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Out of all categories of supplements, antioxidants are one type that is highly underrated – and misused. If you can quench those evil free radicals in order to live longer and feel better, while also aiding recovery and reducing soreness, why not load up with antioxidants? However, before you start filling your online cart with antis, it’s important to note that proper usage is key. You can’t and shouldn’t avoid them but you also shouldn’t be so gung ho. Using antioxidant supplements the wrong way could actually hinder your progress, because sometimes oxidation is actually good (gasp). And sometimes antioxidants can even turn to the dark side and become pro-oxidants.
In 1998, news headlines warned against the dangers of vitamin C after the publication of a controversial study in the prestigious journal Nature. The study showed that some DNA was oxidized by vitamin C, which isn’t good, but some DNA was also protected from oxidation by vitamin C. Turns out the protection was around ten times greater in magnitude — a fact that was conveniently left out of the paper. The paper was attacked and the author pretty much reversed his conclusion. So outside of that popular but flawed study, what does the evidence say about antioxidants turning bad specifically for exercise?
Well…results are somewhat mixed. The few studies directly testing antioxidants for muscle growth after a weightlifting routine fail to show a benefit. But there are many different markers of muscle damage that you can measure after a workout, so there are some studies showing benefits of antioxidants. These may just be temporary benefits though, not supporting long-term muscle growth. Bear with us…there are a lot of interesting competing factors.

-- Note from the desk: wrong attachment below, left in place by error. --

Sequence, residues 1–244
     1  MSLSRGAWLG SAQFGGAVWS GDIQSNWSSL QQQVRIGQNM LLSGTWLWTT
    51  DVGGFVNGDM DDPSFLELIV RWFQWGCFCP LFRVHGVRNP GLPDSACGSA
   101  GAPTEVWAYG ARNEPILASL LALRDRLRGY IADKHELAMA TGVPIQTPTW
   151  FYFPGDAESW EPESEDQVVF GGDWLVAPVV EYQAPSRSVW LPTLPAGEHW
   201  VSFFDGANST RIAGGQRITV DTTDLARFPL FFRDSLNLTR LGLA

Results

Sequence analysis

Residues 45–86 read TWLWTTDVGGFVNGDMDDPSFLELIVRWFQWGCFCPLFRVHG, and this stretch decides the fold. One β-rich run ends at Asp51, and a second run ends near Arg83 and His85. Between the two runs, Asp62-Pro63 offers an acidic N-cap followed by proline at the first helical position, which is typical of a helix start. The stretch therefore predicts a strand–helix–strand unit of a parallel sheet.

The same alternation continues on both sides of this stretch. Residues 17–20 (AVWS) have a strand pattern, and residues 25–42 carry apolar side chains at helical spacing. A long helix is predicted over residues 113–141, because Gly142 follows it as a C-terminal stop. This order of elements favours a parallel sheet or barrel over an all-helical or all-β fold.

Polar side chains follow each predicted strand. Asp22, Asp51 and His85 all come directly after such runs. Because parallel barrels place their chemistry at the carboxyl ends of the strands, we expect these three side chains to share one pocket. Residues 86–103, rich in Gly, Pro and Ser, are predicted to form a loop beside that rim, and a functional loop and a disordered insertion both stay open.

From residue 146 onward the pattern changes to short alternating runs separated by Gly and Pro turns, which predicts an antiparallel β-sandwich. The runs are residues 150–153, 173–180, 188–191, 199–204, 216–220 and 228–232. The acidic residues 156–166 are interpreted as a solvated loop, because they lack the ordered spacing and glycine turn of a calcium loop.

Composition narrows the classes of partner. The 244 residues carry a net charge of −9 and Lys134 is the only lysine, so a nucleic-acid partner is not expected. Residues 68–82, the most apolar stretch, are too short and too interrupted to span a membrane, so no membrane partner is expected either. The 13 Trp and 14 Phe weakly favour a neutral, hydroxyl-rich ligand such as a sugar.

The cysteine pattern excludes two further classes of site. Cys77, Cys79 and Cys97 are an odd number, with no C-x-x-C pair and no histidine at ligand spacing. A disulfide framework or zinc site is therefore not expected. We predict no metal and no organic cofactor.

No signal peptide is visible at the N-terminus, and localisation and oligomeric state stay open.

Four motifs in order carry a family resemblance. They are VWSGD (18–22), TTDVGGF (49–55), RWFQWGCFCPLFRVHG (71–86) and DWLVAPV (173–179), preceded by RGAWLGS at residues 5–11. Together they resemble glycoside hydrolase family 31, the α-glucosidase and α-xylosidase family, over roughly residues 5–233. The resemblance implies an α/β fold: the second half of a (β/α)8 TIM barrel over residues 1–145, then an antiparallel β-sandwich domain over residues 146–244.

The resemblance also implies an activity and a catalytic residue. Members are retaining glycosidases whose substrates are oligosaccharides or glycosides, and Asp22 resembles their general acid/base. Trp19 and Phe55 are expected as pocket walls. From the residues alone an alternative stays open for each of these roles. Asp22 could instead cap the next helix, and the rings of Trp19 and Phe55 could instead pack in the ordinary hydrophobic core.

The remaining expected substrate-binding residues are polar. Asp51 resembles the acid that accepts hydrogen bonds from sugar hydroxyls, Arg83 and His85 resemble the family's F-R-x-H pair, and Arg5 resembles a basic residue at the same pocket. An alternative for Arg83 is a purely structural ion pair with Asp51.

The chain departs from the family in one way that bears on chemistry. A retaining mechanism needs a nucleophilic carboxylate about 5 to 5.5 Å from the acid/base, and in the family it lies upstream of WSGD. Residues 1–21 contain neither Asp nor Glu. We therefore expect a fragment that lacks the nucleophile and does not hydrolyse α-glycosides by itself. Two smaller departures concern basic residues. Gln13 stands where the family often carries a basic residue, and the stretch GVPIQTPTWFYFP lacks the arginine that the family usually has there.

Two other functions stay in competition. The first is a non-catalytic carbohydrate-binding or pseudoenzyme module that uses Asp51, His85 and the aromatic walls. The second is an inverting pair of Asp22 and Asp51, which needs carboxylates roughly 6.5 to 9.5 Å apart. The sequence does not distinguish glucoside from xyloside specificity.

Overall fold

You definitely don’t want to overdo it. There have been a few trials showing that post-workout antioxidants, typically vitamin C and vitamin E at larger doses, can blunt some of the positive effects from exercise. For example, exercise normally improves insulin resistance but that positive effect disappears when you take vitamin C and vitamin E after the workout. Why is that?
It turns out that reactive oxygen species (ROS) are not universally bad, and one of their important functions is to signal the body to increase protein synthesis as part of the mTOR pathway. Vitamin C in extremely large doses inhibits muscle growth by quenching not just bad ROS, but helpful ROS as well. And ROS is also essential to insulin benefits from exercise.
It’s also important to realize that while we get antioxidants through foods and supplements, we have an even more powerful antioxidant system that our own bodies provide. And some evidence has shown that post-exercise antioxidants can curb our body’s natural antioxidant response to exercise.
Perhaps more importantly, taking too many antioxidants may be harmful for longevity. Researchers previously thought that ROS were largely responsible for shortened lifespans but current thinking indicates that ROS may actually be important for increasing lifespan. The reason is a concept called “mitohormesis”, with “hormesis” referring to your body’s positive adaptation to stressors (like growing muscle after the stress of weightlifting or altitude training improving cardio capacity), and “mito” referring to the mitochondria where these adaptations arise from.
Essentially, small amounts of stress within your cells caused by ROS can lead to improved stress resistance naturally created by your body. And that stress resistance could play an important role in living a long and healthy life.
All that being said, don’t go to the extreme and avoid antioxidant vitamins altogether. Vitamin C is critical to collagen formation, which is something that comes up a lot when you’re taxing your joints lifting heavy weights. And antioxidants are overall quite beneficial for health, just not necessarily when mega-dosed right after your workout.
Remember that a healthy diet should incorporate a variety of antioxidant-rich nutrients, as antioxidants often work together with one another. So as usual, focus on getting a balance of nutrients from your diet, and always be careful before going heavy any nutrient.
Kamal Patel is the director of Examine.com. He has an MBA and an MPH (Master of Public Health) from Johns Hopkins University, and was pursuing his PhD in nutrition when he opted to go on hiatus to join Examine.com. He is dedicated to making scientific research in nutrition and supplementation accessible to everyone.